allow deduction for the equivalent amount of Modvat credit as

represented by Rs.3 in our example. The AO should also make sure that

the equivalent of Rs.3 allowed as deduction on payment basis u/s 43B in

this year should not get deducted in the next year and further, the

corresponding amount of deduction allowed u/s 43B in the preceding

year, should also be separately added to the income of the current year.

4.22.       The next item of disallowance u/s 43B in dispute is the

amount of excise duty paid under protest to the tune of Rs.45 lac. The

facts apropos this issue are that certain demand was created against the

assessee by the Excise Department. The assessee paid the same albeit

under protest by challenging the levy of demand. Deduction claimed for

such demand under exclusive method was disallowed by the AO on the

ground that the assessee was contesting this liability and there was no

finality regarding this liability.


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                                                          ITA No.2441/Del/2012

4.23. After considering the rival submissions and perusing the relevant

material on record, we find that the Tribunal, in the assessee's own case

for earlier years, has decided this issue in the assessee's favour which

position has been admitted by the Revenue vide the AO's letter dated

24.7.2015. We note that the Hon'ble Supreme Court in CIT vs. Bharat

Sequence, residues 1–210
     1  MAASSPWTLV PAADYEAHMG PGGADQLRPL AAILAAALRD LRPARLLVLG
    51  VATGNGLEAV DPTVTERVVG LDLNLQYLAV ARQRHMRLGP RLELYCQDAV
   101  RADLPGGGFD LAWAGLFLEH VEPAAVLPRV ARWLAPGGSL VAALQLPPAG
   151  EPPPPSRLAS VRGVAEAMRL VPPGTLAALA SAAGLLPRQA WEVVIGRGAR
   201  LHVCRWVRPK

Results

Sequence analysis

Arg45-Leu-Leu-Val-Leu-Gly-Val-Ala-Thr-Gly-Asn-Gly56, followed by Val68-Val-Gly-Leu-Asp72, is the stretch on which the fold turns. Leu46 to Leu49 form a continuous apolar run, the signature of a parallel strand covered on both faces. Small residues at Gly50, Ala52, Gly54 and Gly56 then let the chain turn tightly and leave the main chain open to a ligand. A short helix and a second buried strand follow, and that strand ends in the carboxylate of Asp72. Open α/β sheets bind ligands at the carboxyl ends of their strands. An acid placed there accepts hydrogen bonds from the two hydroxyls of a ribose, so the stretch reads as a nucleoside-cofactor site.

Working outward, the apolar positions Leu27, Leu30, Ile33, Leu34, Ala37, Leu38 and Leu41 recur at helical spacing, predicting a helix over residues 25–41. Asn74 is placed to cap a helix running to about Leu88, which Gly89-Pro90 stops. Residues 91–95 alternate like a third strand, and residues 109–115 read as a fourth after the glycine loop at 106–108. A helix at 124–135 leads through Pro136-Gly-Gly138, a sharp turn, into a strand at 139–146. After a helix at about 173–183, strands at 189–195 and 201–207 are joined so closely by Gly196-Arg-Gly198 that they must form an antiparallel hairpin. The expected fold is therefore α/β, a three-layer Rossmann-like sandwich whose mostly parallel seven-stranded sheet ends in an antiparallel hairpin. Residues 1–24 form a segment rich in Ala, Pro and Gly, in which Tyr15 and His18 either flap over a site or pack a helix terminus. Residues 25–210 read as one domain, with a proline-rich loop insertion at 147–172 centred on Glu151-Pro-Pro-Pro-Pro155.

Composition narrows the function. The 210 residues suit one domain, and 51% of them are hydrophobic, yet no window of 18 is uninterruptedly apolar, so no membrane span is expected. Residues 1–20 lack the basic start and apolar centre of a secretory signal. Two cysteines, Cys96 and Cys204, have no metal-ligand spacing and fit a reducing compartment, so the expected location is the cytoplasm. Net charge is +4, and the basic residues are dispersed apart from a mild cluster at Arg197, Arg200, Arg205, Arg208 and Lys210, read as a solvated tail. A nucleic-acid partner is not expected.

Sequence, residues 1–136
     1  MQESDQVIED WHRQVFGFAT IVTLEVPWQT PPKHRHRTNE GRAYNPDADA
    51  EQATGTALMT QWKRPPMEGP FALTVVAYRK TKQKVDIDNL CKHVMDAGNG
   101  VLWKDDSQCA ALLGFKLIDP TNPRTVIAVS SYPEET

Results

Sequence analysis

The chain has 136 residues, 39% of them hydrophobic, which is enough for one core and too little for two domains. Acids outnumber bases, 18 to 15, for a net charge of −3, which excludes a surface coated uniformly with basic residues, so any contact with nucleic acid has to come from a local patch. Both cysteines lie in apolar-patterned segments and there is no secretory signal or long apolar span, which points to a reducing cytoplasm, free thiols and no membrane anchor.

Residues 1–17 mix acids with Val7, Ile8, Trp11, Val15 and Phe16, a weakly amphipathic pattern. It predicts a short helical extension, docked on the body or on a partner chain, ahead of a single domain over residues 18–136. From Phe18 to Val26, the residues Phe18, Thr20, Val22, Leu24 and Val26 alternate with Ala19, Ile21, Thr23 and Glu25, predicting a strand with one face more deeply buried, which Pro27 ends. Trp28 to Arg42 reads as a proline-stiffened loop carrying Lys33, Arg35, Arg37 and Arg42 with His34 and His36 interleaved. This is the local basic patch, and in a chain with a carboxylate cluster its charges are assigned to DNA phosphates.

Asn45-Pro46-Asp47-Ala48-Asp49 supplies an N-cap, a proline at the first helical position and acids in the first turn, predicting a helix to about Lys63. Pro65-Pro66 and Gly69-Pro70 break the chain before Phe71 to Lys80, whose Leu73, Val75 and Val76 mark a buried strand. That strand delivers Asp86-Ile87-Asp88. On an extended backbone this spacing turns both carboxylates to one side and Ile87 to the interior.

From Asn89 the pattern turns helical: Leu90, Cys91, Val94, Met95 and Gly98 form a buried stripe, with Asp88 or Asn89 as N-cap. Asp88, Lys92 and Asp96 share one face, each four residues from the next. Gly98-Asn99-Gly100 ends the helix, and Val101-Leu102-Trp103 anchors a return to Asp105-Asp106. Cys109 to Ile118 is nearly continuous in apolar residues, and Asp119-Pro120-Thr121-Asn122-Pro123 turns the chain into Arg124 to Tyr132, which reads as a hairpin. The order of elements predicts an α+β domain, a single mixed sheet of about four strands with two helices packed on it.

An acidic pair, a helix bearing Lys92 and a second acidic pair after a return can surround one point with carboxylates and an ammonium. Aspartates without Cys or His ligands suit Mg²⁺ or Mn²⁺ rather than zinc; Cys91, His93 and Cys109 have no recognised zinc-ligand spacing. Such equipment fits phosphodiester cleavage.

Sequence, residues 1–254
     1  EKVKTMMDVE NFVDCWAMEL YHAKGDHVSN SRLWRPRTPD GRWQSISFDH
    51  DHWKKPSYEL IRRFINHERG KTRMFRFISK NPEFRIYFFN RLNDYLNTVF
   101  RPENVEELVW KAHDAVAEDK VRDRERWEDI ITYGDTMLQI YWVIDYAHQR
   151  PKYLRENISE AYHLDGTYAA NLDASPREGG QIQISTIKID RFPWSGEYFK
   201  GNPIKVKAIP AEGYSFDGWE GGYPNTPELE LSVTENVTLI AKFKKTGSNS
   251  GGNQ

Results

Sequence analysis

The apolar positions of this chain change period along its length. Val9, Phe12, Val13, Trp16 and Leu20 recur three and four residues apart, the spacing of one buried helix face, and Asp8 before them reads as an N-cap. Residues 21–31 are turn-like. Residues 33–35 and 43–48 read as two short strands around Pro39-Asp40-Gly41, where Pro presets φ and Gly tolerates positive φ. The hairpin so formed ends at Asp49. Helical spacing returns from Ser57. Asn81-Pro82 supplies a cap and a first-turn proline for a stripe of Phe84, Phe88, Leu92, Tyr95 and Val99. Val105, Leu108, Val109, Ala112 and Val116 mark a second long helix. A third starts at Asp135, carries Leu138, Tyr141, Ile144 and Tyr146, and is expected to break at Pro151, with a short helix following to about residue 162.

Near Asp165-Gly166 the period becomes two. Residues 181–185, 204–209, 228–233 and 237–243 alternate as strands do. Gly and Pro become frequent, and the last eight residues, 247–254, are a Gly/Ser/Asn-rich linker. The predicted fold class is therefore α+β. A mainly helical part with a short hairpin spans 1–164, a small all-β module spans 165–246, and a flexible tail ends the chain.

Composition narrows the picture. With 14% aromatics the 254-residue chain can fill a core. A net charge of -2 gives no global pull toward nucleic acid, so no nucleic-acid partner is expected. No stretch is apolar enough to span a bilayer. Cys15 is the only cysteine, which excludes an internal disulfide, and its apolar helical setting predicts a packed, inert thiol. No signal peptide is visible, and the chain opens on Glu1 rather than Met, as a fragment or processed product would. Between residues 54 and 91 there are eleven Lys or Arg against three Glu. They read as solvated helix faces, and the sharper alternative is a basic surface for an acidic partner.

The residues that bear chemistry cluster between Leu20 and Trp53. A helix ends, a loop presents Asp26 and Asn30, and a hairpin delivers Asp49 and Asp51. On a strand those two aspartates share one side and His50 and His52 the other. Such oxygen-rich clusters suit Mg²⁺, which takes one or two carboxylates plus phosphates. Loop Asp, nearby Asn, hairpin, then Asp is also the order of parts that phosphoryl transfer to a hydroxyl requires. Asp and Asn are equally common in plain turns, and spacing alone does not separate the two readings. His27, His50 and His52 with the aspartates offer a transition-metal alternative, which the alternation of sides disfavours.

Carbon and Ribbon Manufacturing Company Pvt. Ltd., (1999) 239 ITR

505 (SC), has held that a statutory liability accrues on issuance of

demand notice. It has further been held that raising of further dispute by

the assessee is not relevant. In view of this judgment, it becomes clear

that the issuance of notice of demand by the competent Excise authority

makes the amount otherwise deductible by means of incurring the

liability. This satisfies the condition of section 43B which provides for

deduction on actual payment in respect of an otherwise deductible

amount. Since the amount in question has been paid during the year, it

qualifies for deduction in terms of section 43B under the exclusive

method. Thus on one hand deduction for excise duty paid under protest

is available in the year of payment under the exclusive method, the same


                                    32
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                                                          ITA No.2441/Del/2012

amount cannot be allowed to get deducted once again on the finalization

of the dispute with the Excise department on its transfer to Excise duty

account. Simultaneously, the amount of excise duty paid under protest in

earlier years getting deduction u/s 43B calls for inclusion in the total

income of the current year on the removal of the amount from Excise

duty paid under protest account.

4.24. We have noticed above that section 145A is applicable to the year

under consideration and accordingly, income is required to be

determined by switching over to the `Inclusive method' and then

allowing deduction u/s 43B on payment basis. We, therefore, set aside

the impugned order and direct the AO to first recast the assessee's Profit